A Durban computer science graduate has studying to thank for not being at home when her home was obliterated during a devastating storm that hit KwaZulu-Natal on Tuesday.
Lindelwa Keswa‚ who had been studying at a library at the Montclair Mall when they evacuated the building‚ returned to find her home completely flattened.
The house was destroyed by a mudslide from the property above hers – the Northridge Park complex – leaving her destitute.
“I received a call from my neighbours to rush home as there was damage. When I got home at 11am‚ I did not realise the extent of the damage.
“Everything is gone‚ my bed‚ stove‚ TV‚ fridge. I am just emotionally and physically drained and lost for words. This problem started five years ago when we complained to the municipality about the sewerage pipes behind the house. They took pictures but had no solution. I guess this is what the municipality wanted to happen‚” said the 32-year-old who is staying with a neighbour.
Meanwhile a resident at the Northridge Park complex was gripped by fear when she saw the ground below her home wash away and her property “floating”.
Siba Kazi was in her two-bedroom flat in a complex in Northridge Park in Woodlands south of Durban when a devastating storm struck the city on Tuesday.
According to the SA Weather Service more than 100mm of rainfall was recorded in the vicinity during the supercell storm which hit the province.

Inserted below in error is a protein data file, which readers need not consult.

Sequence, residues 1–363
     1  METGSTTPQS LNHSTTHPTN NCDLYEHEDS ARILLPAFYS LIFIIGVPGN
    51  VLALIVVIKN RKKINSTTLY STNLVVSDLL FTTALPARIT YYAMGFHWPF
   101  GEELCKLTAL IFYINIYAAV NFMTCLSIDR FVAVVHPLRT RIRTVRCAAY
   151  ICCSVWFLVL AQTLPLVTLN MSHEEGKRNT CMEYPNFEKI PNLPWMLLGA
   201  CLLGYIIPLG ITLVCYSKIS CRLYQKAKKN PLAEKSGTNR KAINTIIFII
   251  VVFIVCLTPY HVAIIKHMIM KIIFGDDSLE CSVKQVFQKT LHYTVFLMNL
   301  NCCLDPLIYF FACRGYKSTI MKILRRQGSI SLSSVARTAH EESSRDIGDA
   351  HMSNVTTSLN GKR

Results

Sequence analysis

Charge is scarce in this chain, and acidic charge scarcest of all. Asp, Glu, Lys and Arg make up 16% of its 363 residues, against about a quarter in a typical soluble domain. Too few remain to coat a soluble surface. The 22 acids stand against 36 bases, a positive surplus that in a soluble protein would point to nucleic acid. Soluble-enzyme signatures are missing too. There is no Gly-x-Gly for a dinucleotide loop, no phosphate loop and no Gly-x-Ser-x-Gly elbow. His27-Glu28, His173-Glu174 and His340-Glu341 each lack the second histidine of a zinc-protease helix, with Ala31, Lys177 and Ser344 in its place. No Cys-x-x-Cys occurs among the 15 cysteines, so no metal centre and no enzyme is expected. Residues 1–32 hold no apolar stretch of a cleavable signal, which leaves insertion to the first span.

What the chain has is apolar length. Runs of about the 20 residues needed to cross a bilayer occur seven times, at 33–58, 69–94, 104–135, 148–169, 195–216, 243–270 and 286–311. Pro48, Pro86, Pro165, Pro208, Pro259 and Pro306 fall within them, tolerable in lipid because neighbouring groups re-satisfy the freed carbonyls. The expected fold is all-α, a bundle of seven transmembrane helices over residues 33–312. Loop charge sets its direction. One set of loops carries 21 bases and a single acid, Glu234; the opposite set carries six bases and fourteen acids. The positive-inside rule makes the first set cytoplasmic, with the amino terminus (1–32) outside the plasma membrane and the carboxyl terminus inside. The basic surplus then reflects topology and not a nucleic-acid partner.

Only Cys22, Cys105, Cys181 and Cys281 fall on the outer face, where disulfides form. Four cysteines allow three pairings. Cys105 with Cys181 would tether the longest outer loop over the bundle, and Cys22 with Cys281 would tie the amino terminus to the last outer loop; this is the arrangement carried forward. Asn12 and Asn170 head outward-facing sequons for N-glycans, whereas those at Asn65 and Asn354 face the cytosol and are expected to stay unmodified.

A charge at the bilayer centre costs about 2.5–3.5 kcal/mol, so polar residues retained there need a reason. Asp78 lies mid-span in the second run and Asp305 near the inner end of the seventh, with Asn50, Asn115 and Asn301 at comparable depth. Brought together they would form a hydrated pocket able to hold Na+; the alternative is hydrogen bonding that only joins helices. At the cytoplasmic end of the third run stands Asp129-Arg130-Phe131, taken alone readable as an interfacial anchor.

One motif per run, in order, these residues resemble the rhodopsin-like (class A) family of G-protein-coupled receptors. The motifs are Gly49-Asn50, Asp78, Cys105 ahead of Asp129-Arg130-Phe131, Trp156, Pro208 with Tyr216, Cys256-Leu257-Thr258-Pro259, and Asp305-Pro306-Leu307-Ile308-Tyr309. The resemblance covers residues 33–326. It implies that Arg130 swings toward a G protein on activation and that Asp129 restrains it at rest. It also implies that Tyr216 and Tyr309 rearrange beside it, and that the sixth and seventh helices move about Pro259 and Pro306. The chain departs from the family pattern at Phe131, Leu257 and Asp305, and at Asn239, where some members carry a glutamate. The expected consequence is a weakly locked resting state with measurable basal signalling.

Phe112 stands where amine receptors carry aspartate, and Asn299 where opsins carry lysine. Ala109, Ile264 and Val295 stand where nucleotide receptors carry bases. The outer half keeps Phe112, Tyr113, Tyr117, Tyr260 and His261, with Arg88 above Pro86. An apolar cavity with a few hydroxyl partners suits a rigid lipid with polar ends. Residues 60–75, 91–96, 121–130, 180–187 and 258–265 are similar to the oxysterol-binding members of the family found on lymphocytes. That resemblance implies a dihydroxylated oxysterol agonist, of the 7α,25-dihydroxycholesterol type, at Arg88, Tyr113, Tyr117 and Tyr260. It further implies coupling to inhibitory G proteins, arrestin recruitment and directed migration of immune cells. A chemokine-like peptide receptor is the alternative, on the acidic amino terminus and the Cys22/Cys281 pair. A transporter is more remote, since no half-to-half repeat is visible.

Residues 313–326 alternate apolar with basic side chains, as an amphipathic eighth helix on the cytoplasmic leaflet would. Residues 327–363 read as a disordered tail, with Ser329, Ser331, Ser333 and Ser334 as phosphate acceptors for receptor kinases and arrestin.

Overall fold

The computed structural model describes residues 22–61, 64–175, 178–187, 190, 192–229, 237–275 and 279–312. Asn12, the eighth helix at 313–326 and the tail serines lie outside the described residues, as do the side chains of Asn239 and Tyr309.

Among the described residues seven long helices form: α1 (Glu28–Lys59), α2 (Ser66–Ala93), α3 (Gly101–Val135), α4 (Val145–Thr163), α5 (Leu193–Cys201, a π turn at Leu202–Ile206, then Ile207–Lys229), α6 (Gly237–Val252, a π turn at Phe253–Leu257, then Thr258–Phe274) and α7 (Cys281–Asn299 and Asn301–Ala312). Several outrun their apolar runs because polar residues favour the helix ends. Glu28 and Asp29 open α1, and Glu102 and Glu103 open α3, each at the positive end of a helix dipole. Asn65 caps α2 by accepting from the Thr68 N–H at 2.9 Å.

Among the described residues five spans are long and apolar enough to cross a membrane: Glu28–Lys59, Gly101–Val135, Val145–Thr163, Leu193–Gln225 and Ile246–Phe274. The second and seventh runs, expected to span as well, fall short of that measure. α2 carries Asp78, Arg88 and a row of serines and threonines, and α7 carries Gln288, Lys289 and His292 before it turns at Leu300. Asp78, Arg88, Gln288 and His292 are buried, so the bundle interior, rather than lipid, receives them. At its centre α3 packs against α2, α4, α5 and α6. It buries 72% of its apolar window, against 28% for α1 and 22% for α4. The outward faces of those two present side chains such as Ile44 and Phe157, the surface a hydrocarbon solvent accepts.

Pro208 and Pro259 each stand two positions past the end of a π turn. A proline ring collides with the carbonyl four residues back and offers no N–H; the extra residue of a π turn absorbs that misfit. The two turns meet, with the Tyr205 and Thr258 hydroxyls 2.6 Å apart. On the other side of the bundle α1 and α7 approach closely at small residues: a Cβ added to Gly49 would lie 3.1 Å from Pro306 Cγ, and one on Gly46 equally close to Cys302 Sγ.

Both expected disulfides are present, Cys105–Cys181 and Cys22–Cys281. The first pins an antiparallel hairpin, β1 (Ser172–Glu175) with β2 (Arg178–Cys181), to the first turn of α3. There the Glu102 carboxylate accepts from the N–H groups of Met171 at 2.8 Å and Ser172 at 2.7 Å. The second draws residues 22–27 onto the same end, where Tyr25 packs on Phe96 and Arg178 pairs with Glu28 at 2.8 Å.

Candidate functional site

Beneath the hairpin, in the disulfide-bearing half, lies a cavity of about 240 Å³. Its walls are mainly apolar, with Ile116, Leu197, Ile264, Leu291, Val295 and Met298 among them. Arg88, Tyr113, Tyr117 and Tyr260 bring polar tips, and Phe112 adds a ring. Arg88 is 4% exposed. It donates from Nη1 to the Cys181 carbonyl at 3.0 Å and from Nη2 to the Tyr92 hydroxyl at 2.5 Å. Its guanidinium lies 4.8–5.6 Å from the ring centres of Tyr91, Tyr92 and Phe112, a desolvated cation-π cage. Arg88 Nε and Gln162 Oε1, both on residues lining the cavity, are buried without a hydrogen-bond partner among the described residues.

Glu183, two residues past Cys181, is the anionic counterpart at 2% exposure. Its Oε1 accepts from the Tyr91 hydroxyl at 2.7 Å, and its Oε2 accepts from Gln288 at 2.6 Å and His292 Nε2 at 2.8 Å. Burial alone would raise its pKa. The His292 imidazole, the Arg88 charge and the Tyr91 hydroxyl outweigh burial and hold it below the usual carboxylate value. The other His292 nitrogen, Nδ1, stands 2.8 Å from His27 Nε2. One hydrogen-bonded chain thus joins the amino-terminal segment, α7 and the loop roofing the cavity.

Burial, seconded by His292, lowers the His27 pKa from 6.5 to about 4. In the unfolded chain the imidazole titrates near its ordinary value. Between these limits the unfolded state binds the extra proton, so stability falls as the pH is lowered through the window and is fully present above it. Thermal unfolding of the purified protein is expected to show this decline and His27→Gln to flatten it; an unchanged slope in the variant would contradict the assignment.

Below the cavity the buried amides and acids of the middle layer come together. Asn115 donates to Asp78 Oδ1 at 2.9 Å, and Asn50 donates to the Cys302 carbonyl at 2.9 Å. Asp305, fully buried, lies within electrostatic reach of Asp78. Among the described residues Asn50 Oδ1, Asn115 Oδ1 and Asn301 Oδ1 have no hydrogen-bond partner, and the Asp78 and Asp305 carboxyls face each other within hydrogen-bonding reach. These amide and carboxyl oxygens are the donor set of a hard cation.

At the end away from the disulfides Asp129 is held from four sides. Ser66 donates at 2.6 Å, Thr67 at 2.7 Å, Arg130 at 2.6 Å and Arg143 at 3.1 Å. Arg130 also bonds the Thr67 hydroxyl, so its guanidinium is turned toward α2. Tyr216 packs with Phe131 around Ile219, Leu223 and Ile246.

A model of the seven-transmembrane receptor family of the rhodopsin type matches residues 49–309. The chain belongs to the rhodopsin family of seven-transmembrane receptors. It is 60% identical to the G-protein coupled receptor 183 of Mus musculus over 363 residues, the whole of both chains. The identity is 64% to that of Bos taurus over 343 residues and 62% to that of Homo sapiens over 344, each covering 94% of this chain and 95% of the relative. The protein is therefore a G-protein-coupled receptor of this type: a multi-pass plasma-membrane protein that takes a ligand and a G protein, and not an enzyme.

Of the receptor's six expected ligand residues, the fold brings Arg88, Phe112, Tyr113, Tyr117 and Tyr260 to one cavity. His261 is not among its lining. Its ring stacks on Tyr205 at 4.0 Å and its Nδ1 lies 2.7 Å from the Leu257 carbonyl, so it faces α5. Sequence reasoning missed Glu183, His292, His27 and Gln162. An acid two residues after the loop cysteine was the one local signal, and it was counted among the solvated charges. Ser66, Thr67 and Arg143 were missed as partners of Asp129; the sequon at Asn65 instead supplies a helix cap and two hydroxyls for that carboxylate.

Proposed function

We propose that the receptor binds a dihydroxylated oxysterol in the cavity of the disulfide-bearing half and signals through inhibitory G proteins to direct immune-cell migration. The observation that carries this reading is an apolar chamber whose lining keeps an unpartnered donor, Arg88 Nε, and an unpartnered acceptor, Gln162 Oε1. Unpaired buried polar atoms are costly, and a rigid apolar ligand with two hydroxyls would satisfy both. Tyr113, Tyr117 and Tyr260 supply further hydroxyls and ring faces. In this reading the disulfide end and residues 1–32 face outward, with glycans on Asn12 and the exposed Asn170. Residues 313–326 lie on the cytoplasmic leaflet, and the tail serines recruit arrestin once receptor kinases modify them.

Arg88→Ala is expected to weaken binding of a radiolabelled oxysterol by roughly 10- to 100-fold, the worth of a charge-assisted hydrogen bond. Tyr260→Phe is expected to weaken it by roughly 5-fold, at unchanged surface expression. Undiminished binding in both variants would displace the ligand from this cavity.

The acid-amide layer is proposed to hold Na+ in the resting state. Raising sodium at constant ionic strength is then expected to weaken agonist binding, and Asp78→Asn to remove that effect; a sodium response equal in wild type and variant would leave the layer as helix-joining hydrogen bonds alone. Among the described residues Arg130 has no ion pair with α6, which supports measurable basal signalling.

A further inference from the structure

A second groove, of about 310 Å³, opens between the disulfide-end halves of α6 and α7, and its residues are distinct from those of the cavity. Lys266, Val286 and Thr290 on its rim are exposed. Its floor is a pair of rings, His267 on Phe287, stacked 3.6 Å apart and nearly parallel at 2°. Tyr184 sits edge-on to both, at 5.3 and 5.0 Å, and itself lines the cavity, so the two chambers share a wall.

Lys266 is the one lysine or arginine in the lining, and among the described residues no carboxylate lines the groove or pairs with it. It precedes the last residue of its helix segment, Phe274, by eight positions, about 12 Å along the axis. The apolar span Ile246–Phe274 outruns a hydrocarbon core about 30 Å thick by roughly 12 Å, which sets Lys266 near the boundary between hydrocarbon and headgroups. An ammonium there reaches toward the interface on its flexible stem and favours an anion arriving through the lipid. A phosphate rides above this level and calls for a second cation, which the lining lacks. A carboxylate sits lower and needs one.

Kazi’s sister Yolie Lunika received a frantic call at work to say the “flat is floating”.
“I could hear the fear in Siba’s voice. She was trying to get water out the flat when she heard a loud bang. She looked out the sliding door and saw the house below had collapsed and was flattened and the ground below our flat was no longer there.
“It happened so quick. It is so scary. We cannot go into the house as it could collapse at any time. The walls have cracked all around‚” said Lunika.
The three sisters and their three children were forced to abandon the flat and are now staying with friends and relatives.
Lunika said they were only able to retrieve some of their possessions.
“We managed to take out our clothes‚ shoes‚ fridge‚ television and identity documents‚ but most of our things are still there‚” said the 27-year-old teacher.
However‚ Ward councillor Gavin Hegter‚ who was at the Northridge collapse‚ accused the municipality’s disaster management unit of being a disaster.
“No one has been to inspect the place. The lack of city management is another example of the collapse of eThekwini‚” said Hegter.